Recognizing the critical role that sportsmen and sportswomen have played, and continue to play, in wildlife restoration and conservation in the area, the proclamation requires that a monument advisory committee include representation from both the sportsmen and sportswomen community, as well as representation from the Arizona Game and Fish Department. It also directs the monument advisory committee to include representation from the ranching community. The proclamation respects existing livestock grazing permits on lands within the monument.

The national monument designation recognizes and respects valid existing rights. The proclamation specifies that maintenance and upgrades to water infrastructure for flood control, utilities, water district facilities, wildlife water catchments, and other similar uses may continue; and that utility lines, pipelines, and roads can continue to be maintained, upgraded, and built consistent with proper care and management of the monument objects. Existing mining claims – predating a 20-year mineral withdraw initiated in 2012 – will remain in place, and the two approved mining operations within the boundaries of the monument would be able to operate.

The national monument only includes federal lands and does not include State and private lands within the boundary or affect the property rights of the State or private land owners.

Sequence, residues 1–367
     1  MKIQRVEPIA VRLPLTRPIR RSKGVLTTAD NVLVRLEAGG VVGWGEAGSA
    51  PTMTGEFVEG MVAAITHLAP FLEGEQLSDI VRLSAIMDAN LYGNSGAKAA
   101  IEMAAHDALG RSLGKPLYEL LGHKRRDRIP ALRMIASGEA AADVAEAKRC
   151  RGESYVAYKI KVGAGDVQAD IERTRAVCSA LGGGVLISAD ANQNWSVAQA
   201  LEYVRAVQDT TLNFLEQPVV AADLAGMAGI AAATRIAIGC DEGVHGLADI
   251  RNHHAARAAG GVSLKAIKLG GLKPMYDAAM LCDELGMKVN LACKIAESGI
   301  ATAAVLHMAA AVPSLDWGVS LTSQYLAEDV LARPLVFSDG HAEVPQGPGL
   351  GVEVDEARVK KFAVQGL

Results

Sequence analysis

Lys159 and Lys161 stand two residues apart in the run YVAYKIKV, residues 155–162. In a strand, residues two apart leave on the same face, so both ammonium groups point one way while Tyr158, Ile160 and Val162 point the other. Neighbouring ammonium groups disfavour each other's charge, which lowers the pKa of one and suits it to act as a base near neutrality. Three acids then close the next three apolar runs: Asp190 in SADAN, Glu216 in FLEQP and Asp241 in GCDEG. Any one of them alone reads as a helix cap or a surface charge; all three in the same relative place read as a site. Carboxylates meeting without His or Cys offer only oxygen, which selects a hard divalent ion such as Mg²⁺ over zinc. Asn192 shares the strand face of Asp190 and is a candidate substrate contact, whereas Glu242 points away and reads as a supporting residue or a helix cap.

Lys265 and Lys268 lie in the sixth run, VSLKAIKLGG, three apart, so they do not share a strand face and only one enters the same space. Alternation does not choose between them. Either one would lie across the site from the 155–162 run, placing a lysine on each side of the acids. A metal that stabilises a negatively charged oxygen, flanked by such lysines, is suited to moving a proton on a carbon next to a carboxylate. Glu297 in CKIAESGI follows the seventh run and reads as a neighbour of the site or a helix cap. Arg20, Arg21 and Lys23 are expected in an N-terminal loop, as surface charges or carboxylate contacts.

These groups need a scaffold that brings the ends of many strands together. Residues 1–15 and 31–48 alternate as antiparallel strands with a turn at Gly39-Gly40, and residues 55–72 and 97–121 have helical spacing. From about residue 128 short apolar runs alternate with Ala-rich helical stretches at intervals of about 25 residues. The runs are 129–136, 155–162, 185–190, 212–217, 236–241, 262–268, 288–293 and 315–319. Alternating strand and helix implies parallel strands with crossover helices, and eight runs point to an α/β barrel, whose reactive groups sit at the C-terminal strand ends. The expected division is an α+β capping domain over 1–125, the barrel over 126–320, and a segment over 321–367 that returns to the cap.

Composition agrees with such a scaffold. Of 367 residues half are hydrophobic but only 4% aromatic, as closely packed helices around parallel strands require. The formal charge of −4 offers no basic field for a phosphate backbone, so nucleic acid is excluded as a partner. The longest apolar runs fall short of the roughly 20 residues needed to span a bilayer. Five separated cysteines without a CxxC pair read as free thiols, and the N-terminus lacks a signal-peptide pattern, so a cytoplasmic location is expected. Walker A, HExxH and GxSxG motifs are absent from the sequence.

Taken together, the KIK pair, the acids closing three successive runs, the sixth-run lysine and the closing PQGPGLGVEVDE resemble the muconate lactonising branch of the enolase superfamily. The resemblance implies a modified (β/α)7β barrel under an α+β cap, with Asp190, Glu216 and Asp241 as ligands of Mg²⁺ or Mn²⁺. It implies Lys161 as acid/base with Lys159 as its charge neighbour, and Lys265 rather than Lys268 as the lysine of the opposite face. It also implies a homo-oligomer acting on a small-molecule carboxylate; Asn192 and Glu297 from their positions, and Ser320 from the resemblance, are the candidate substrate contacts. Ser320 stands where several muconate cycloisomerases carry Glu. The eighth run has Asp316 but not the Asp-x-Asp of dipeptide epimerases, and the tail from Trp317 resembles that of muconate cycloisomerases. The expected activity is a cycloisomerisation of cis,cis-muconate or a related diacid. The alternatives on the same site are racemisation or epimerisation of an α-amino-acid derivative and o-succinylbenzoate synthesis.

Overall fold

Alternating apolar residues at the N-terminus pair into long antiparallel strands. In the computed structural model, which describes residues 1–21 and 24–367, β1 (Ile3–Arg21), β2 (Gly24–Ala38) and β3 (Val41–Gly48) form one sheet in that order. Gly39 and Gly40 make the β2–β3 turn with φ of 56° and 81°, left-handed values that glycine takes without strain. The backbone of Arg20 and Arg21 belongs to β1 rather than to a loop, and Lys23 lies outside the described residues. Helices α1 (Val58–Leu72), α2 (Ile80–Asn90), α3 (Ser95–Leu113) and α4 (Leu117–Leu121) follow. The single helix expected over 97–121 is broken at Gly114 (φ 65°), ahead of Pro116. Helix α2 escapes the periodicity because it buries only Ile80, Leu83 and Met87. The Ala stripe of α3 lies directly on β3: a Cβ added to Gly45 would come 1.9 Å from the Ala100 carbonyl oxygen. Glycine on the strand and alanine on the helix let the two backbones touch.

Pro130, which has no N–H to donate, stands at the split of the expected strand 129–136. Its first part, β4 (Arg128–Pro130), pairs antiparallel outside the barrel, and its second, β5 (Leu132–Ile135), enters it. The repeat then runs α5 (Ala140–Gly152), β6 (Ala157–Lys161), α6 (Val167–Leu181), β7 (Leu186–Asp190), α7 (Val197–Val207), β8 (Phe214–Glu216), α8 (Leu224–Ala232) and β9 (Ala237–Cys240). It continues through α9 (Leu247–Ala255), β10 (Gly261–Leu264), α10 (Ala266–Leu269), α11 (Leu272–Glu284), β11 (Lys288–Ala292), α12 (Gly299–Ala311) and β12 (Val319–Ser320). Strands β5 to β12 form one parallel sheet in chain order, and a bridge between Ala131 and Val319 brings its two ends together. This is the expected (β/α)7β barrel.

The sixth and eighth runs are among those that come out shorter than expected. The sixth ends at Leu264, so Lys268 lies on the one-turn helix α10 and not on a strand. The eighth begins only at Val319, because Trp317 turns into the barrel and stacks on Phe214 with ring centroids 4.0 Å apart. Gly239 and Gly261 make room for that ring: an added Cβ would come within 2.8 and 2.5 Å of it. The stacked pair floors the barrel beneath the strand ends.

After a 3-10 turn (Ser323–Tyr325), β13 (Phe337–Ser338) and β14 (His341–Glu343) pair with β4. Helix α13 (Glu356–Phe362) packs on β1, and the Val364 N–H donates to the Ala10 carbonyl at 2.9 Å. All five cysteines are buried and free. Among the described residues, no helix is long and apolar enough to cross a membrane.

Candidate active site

Background on Antiquities Act Designations

President Theodore Roosevelt first used the Antiquities Act in 1906 to designate Devils Tower National Monument in Wyoming. Since then, 18 presidents of both parties have used this authority to protect unique natural and historic features in America, including the Statue of Liberty, the Colorado’s Canyon of the Ancients, and New Mexico’s Gila Cliff Dwellings.

The Baaj Nwaavjo I’tah Kukveni – Ancestral Footprints of the Grand Canyon National Monument is President Biden’s fifth new monument designation, following the creation of the Emmett Till and Mamie Till-Mobley National Monument in Illinois and Mississippi last month, the Castner Range National Monument in Texas and Avi Kwa Ame National Monument in Nevada this spring, and the Camp Hale-Continental Divide National Monument in Colorado last fall.